Disney recipe review: Spinach puffs from “The Emperor’s New Groove”

Cheese lover gets ready to cook with Kronk


Graphic illustration and photo by Youqi Huang

Kronk poses with key ingredients: spinach, garlic, shallot and cream cheese behind a plate of spinach puffs!

Youqi Huang, Copy Editor

I love cheese, I love carbohydrates and I can tolerate spinach. What better recipe to recreate than Kronk’s spinach puffs from “The Emperor’s New Groove”? I haven’t watched the movie, which apparently features an Incan-emperor-turned-llama fighting his evil former advisor and her stupid sidekick (Kronk!) to return to his human form. However, I did watch Binging with Babish’s video on the recipe and consulted the version posted on his website for exact measurements.

I ended up making two batches of six spinach puffs each because I had a few improvements I wanted to make. Babish leaves room for improvisation — his Youtube video is only four minutes long, and he encourages you to be careful with the parmesan in particular since “the human tongue can only take so much flavor.”

Salt your spinach to encourage moisture loss and get ready to watch it shrink!

The recipe is pretty simple: cook spinach with aromatics, mix the spinach with cheeses to create the filling, dump the filling on puff pastry squares, then seal and throw them into the oven to bake for 20 minutes. Some details have been omitted, of course, but, if you are curious, you can always check out the links above.

I omitted the dill and bacon bits from my rendition — dill because I went to Safeway and Trader Joe’s, and neither of them had any, for some reason; and bacon because I didn’t want to buy bacon bits then struggle to finish them for the next few months. I ran out of shallot for the second batch, so I ended up substituting a quarter of a white onion. Are the two interchangeable? Who knows. Either way, both made me cry when I diced them. 

Adding a yolk to your filling helps with stability.

The first time around, I chopped my spinach too coarsely and misunderstood what Babish meant when he said to crush the garlic, though there was a video demonstration to go along with his instructions. I smashed the garlic with the flat of my knife and gave my garlic pulp a few cursory chops before tossing it in the pan with the shallot. The result? Visible garlic chunks in my spinach and herb mixture. Once mixed in with the cheeses, they weren’t too noticeable, but I knew there was room for improvement.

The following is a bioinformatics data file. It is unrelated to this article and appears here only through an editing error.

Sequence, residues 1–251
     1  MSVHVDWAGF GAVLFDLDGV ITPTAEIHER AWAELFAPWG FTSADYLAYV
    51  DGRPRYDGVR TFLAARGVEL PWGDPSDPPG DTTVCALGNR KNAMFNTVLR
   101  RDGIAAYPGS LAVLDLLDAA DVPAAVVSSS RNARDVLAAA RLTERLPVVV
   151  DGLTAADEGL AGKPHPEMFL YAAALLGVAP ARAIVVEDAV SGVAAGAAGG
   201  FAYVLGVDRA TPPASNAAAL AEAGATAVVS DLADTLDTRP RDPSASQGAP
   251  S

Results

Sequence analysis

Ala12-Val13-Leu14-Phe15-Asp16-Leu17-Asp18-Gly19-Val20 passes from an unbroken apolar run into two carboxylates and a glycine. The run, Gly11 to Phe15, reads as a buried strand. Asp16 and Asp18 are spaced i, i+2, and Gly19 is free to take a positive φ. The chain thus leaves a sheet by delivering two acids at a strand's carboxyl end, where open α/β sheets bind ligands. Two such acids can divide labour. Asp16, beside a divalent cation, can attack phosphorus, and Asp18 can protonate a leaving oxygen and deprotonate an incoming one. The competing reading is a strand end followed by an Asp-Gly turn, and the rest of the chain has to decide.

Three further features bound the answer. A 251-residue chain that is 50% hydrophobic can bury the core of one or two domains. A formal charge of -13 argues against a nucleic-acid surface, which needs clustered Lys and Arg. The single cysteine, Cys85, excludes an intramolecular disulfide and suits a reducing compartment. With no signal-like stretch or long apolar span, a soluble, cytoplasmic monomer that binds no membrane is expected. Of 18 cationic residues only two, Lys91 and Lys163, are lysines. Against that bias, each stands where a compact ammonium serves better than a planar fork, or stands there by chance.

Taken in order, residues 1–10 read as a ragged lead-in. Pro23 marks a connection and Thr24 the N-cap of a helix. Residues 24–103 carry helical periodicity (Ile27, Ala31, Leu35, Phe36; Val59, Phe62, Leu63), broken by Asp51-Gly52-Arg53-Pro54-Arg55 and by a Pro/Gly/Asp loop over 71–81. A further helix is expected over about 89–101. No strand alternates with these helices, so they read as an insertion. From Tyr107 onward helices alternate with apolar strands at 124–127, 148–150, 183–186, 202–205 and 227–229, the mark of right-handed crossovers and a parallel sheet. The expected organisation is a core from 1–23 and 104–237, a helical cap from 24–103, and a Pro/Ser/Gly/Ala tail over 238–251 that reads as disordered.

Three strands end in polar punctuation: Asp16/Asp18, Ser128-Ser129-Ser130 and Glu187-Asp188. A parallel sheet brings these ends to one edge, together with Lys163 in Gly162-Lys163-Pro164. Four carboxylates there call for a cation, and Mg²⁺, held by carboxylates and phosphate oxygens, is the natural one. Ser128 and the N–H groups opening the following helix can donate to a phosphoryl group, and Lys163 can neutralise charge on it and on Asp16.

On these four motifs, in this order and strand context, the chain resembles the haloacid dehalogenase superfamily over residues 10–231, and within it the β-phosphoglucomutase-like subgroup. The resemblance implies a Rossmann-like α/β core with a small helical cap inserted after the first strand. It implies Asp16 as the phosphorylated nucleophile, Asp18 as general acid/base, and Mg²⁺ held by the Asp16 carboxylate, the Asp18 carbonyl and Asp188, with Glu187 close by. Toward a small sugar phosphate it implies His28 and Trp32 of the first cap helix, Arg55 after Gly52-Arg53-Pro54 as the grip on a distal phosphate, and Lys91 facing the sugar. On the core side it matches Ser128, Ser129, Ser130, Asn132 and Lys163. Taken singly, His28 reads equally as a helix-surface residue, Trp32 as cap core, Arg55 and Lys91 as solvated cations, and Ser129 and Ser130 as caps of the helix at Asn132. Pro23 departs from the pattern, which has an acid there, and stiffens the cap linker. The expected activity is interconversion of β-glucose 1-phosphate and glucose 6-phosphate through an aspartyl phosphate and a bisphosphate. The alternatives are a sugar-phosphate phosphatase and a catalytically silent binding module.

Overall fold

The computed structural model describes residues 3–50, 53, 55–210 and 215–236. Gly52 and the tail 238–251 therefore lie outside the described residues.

Slice your puff pastry into six pieces — this is where you’ll be spooning the filling onto.

The biggest deal-breaker the first time around was that the puffs burst apart at the seams when baked. Instead of retaining Kronk’s delicate trumpet shape, the puff pastry expanded in the oven, and I ended up with an exposed puddle of cheese and spinach in the center of each puff. Although it didn’t look too appetizing, it still tasted great. I had enough of nearly every ingredient, so I decided to give it a second go.

I tried my best to fortify the seams of my puffs — here’s my wrapping technique.

The second time around, I sealed the seams of the puff as tightly as I could. I even folded the excess from the sealed seam over to double seal the puffs, but it still wasn’t enough to handle the huge amounts of filling I scooped into each puff. I couldn’t help it: I had no idea what to do with the inedible, egg-yolk-covered cream cheese and spinach, so I strived to leave none behind. Perhaps, if I had fortified the seams further by folding them like a dumpling, that could have done the trick.

I give the recipe an 8 out of 10 because adjusting the measurements for the filling ingredients, cream cheese and spinach, would have prevented the issue of needing to cram so much filling in each puff that they come out looking like open-faced sandwiches. Heed the video’s warning on the parmesan as well; I added a bit too much the first time and definitely felt the sodium begin the desertification of my mouth soon after finishing my second puff.

Altogether, this recipe is foolproof in the sense that your puffs are seriously good even if they burst open in the oven like mine did.  Cheese, carb and Kronk lovers, rest assured that this recipe will meet — and perhaps exceed — your expectations if you have strong fingers to pinch the artful, trumpet-shaped puffs that I couldn’t.